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Am J Psychiatry. 2004 Jan;161(1):3-18.

What is a "mood stabilizer"? An evidence-based response.

Author information

  • 1Department of Psychiatry and Human Behavior, Brown University, Providence, RI, USA. Mark_Bauer@brown.edu

Abstract

OBJECTIVE:

The term "mood stabilizer" is widely used in the context of treating bipolar disorder, but the U.S. Food and Drug Administration (FDA) does not officially recognize the term, and no consensus definition is accepted among investigators. The authors propose a "two-by-two" definition by which an agent is considered a mood stabilizer if it has efficacy in treating acute manic and depressive symptoms and in prophylaxis of manic and depressive symptoms in bipolar disorder. They review the literature on the efficacy of agents in any of these four roles to determine which if any agents meet this definition of mood stabilizer.

METHOD:

The authors conducted a comprehensive review of English-language literature describing peer-reviewed, U.S. Agency for Healthcare Research and Quality class A controlled trials in order to identify agents with efficacy in any of the four roles included in their definition of a mood stabilizer. The trials were classified as positive or negative on the basis of primary outcome variables. An "FDA-like" criterion of at least two positive placebo-controlled trials was required to consider an agent efficacious. The authors also conducted a sensitivity analysis by raising and relaxing the criteria for including trials in the review.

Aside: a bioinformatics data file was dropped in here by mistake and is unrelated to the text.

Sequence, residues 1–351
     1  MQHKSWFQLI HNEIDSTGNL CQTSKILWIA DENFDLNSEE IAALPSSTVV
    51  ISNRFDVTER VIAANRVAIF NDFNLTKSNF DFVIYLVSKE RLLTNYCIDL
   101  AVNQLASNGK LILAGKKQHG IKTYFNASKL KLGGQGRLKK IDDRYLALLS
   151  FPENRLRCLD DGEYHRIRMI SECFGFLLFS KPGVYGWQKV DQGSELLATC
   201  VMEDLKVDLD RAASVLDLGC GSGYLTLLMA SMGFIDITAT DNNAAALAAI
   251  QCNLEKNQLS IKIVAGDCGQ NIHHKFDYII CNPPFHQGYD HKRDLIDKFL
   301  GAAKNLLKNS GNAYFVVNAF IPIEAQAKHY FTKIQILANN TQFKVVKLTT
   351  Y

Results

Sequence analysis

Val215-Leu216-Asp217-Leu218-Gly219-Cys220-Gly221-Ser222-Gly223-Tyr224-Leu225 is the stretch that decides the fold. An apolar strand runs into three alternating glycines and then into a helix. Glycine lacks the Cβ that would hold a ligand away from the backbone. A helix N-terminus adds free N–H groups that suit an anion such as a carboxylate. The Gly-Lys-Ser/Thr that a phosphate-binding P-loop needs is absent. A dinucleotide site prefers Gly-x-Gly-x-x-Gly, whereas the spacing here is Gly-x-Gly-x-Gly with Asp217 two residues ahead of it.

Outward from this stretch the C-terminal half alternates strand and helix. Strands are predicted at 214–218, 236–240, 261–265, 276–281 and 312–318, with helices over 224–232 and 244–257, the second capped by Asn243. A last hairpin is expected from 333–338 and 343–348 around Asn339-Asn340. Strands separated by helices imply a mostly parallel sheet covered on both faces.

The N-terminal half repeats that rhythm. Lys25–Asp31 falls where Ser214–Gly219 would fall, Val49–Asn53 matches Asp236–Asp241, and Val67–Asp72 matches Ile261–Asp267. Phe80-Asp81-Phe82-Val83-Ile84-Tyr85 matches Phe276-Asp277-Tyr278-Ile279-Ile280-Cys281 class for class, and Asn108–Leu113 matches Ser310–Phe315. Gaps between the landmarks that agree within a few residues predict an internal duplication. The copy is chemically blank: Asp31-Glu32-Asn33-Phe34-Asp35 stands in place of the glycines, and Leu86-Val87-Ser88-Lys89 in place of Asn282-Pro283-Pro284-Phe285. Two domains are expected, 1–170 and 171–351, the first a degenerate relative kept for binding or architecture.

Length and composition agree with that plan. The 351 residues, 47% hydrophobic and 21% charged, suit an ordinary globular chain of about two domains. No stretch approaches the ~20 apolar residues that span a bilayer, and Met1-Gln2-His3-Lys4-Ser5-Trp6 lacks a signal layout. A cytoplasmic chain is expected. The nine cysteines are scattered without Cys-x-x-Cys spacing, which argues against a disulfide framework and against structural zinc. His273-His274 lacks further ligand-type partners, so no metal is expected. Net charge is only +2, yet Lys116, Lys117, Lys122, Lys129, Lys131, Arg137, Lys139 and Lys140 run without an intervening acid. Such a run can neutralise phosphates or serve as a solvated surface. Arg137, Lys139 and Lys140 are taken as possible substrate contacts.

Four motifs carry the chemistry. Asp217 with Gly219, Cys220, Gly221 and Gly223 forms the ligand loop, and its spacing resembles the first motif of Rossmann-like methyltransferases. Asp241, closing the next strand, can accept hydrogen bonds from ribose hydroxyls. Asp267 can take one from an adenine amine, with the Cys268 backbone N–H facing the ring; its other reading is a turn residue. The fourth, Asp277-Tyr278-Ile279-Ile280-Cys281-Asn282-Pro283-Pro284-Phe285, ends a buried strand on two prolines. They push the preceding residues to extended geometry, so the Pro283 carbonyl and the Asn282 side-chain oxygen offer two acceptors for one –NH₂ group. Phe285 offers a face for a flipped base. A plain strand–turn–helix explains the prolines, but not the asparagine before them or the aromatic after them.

RESULTS:

The authors identified 551 candidate articles, yielding 111 class A trials, including 81 monotherapy trials with 95 independent analyses published through June 2002. Lithium, valproate, and olanzapine had unequivocal evidence for efficacy in acute manic episodes, lithium in acute depressive episodes and in prophylaxis of mania and depression, and lamotrigine in prophylaxis (relapse polarity unspecified). Thus, only lithium fulfilled the a priori definition of a mood stabilizer. Relaxing the quality criterion did not change this finding, while raising the threshold resulted in no agents fulfilling the definition.

CONCLUSIONS:

When all four treatment roles are considered, the evidence supported a role for lithium as first-line agent for treatment of bipolar disorder. The analysis also highlights unmet needs and promising agents and provides a yardstick for evaluating new treatment strategies.

Comment in

  • Evidence-based promotion. [Am J Psychiatry. 2004]
  • Mood stabilizers: a labile label. [Acta Psychiatr Scand Suppl. 2005]
PMID:
14702242
[PubMed - indexed for MEDLINE]
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